John Hammond doesn’t really need an introduction, he is one of the most famous cybersecurity researchers, educators, and content creators. As part of the Threat Operations team at Huntress, John spends his days making hackers earn their access and helping tell the story. Previously, as a Department of Defense Cyber Training Academy instructor, he taught the Cyber Threat Emulation course, educating both civilian and military members on offensive Python, PowerShell, other scripting languages, and the adversarial mindset.
He has developed training material and information security challenges for events such as PicoCTF and competitions at DEFCON US. John speaks at security conferences such as BsidesNoVA, to students at colleges such as the US Naval Academy, and other online events including the SANS Holiday Hack Challenge/KringleCon. He is an online YouTube personality showcasing programming tutorials, CTF video walkthroughs, and other cyber security content.
John currently holds the following certifications: Security+, CEH, LFS, eJPT, eCPPT, PNPT, PCAP, OSWP, OSCP, OSCE, OSWE, OSEP, and OSED (OSCE(3)).
In an interaction with Augustin Kurian, the Editor in Chief of The Cyber Express, John talks about his journey as a cybersecurity content creator on YouTube, newer trends in cybersecurity news and some new threat actors in the space, and more importantly, some nice tips on password hygiene.
Here is a brief excerpt from the interview.
Augustin Kurian: Tell us a bit about your journey, figuring out that cybersecurity is the place you want to be, starting at your own gig and then coming up with a YouTube channel, and doing incredibly well there in that space, I think you should be proud of producing one of the best cybersecurity contents on YouTube. So, how did it all begin?
John Hammond: I guess I got started, probably in the whole technology computer sphere when I was a lot younger—I think eight or nine. I was thinking, I want to make video games, or I want to be a hacker like I have seen in the movies. That looks very cool. And because computers are interesting. And they look like they’re fun. And I liked that you could do so much creative stuff. I asked my father if I could learn how to make a website.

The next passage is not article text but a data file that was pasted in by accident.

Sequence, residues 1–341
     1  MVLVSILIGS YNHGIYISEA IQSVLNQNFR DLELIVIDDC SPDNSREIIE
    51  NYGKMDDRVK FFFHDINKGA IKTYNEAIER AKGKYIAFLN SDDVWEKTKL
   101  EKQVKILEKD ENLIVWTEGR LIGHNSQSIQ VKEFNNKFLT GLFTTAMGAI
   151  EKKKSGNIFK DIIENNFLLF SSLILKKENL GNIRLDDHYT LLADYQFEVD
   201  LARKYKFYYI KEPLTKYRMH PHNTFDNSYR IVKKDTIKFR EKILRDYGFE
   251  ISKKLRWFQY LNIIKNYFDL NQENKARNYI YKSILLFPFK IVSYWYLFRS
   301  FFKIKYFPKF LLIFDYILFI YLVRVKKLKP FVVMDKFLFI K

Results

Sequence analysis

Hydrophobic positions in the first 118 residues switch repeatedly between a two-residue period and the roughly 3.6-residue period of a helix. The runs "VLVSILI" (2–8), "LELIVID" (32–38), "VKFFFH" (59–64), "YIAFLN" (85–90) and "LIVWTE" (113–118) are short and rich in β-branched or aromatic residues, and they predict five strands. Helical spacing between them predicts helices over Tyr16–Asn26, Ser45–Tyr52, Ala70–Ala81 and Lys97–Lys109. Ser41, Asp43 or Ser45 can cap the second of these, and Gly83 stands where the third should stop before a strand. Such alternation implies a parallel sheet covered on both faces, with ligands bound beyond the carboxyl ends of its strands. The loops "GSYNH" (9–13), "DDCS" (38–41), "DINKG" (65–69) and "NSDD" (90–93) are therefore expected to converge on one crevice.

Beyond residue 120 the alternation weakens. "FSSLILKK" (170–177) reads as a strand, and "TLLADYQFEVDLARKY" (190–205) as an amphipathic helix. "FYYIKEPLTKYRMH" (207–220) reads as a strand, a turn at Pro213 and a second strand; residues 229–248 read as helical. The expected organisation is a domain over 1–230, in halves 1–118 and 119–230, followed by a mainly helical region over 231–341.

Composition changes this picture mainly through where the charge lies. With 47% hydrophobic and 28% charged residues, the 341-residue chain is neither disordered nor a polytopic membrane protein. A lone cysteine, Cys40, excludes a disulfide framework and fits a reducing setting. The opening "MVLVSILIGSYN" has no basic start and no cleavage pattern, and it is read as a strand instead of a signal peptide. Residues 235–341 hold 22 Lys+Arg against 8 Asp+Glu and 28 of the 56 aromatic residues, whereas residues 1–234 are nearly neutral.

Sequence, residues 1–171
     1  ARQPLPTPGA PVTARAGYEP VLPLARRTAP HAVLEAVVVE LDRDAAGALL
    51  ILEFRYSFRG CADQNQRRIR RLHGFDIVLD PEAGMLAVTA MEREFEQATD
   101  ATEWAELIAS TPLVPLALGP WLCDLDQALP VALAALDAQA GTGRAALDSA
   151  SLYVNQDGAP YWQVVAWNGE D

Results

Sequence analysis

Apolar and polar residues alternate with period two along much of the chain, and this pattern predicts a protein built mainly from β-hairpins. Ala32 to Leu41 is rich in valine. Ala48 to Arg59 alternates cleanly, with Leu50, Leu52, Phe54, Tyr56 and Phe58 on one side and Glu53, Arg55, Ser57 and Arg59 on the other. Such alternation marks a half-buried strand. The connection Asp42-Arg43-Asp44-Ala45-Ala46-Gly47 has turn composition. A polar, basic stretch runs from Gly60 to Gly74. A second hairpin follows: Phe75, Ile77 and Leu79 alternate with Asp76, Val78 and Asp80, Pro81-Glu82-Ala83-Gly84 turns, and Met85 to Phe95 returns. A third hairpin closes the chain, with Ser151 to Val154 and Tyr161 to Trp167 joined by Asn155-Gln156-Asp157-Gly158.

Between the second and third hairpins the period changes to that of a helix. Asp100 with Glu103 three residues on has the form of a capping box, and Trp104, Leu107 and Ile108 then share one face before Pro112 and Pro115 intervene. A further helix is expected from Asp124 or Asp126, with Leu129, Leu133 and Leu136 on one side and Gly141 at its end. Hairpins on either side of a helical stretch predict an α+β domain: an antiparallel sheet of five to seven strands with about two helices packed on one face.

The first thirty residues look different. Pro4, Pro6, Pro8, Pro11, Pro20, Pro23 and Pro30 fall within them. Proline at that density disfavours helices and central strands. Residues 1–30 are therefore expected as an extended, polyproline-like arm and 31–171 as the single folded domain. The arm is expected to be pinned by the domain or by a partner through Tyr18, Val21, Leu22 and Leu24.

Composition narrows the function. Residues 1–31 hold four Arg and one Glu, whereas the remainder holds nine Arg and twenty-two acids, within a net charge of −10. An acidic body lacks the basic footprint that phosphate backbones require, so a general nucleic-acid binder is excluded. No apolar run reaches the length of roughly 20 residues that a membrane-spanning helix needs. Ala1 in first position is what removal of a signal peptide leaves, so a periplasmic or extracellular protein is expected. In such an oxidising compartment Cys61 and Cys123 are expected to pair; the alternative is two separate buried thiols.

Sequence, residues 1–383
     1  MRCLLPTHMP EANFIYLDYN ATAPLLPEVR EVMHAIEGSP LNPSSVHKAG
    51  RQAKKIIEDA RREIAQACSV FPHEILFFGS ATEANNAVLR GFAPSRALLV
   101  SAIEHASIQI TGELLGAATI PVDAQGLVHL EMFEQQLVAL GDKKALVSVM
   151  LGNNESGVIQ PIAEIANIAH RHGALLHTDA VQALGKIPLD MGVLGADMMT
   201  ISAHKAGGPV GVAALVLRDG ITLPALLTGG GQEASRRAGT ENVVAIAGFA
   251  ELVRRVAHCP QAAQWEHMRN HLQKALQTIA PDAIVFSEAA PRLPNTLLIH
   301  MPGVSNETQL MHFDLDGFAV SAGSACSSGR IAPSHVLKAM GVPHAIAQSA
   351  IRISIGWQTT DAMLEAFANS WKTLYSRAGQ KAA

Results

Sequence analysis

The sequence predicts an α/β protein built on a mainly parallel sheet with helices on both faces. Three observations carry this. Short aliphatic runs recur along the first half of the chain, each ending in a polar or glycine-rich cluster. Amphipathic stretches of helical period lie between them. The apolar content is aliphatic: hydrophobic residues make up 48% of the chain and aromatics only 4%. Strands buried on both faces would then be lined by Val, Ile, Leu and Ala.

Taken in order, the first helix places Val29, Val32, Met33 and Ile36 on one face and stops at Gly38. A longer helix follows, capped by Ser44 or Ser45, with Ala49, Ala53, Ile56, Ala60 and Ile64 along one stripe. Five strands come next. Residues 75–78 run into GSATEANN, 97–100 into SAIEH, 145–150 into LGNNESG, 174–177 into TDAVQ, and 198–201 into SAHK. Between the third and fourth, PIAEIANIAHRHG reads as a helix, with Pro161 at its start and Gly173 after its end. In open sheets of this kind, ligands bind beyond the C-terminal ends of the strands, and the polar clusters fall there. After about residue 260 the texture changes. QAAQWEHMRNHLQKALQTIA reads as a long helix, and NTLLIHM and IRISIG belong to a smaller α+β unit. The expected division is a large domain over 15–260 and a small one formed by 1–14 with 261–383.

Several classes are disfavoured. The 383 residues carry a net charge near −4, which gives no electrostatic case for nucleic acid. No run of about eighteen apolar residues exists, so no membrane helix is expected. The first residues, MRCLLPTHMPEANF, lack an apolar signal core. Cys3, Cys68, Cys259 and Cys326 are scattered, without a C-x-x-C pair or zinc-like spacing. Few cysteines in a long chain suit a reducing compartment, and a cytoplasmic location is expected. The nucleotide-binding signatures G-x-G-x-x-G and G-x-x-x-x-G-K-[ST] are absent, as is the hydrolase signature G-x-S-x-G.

It wasn’t until I got into my undergrad, or college that I went. I went to one of the military academies in the United States, the Coast Guard Academy, and they care much more about the security of applications that you create, right? It’s cool that you made this thing, but is it battle-tested? Is it safe? Is it sturdy? Can it be beaten up? So, that introduced me to vulnerabilities and exploits and CVE is in that whole wide world of cybersecurity. And I thought this is really interesting. You know, this is kind of fulfilling, where you have sort of a good versus evil mentality in defending against adversaries. So, it just felt like, man, this is fascinating. And I’m happy to be a part of it.
Augustin Kurian: So, how did the YouTube thing happen?
John Hammond: It’s funny because the way that I was learning way back was through Googling. I was looking online and watching videos on YouTube on how to code a program and work through tutorials. And I thought that might be how a lot of people learn. I’ve heard people say the best way to become a master of something or to get better at it is to try to teach it to others. So, I thought, I can make some silly videos and showcase what I’m learning. For the longest time, if you look back, you can even find videos from like 2009 or 2011, like a decade ago on my channel, but it’s slow growth. I never expected it to become what it is today. But it’s very fulfilling and super sweet to see it has grown and blossomed and turned into something of its own.
The full version of the interview can be found at the beginning of the article.